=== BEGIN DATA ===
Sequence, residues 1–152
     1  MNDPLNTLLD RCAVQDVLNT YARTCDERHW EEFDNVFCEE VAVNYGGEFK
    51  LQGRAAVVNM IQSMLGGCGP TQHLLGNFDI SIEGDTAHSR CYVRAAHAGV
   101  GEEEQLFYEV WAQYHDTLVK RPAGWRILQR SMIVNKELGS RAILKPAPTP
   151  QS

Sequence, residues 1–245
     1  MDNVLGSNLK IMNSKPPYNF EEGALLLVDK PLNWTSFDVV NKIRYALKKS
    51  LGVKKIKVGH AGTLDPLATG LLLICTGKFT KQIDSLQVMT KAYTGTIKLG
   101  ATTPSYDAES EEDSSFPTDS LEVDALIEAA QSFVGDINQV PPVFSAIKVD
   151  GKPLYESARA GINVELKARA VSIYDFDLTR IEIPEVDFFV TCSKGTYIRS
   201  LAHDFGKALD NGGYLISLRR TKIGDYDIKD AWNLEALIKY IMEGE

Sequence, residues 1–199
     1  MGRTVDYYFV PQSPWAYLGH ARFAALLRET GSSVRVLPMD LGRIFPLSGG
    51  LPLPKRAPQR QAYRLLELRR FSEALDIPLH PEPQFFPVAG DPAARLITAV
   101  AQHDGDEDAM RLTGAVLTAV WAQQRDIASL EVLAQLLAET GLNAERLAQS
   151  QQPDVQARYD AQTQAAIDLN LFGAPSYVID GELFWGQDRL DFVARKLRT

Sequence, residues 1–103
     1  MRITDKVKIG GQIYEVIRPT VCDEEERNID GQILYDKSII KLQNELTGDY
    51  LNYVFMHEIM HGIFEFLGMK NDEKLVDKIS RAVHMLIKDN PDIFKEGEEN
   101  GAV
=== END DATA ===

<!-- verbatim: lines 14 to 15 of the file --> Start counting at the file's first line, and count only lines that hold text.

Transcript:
    51  LPLPKRAPQR QAYRLLELRR FSEALDIPLH PEPQFFPVAG DPAARLITAV
   101  AQHDGDEDAM RLTGAVLTAV WAQQRDIASL EVLAQLLAET GLNAERLAQS